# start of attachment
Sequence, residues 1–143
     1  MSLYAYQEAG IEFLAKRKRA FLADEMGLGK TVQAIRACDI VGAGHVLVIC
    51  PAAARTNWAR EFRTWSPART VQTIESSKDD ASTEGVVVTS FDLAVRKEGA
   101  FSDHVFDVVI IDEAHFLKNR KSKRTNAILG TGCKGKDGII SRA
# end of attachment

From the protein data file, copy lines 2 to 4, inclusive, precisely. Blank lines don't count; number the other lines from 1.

     1  MSLYAYQEAG IEFLAKRKRA FLADEMGLGK TVQAIRACDI VGAGHVLVIC
    51  PAAARTNWAR EFRTWSPART VQTIESSKDD ASTEGVVVTS FDLAVRKEGA
   101  FSDHVFDVVI IDEAHFLKNR KSKRTNAILG TGCKGKDGII SRA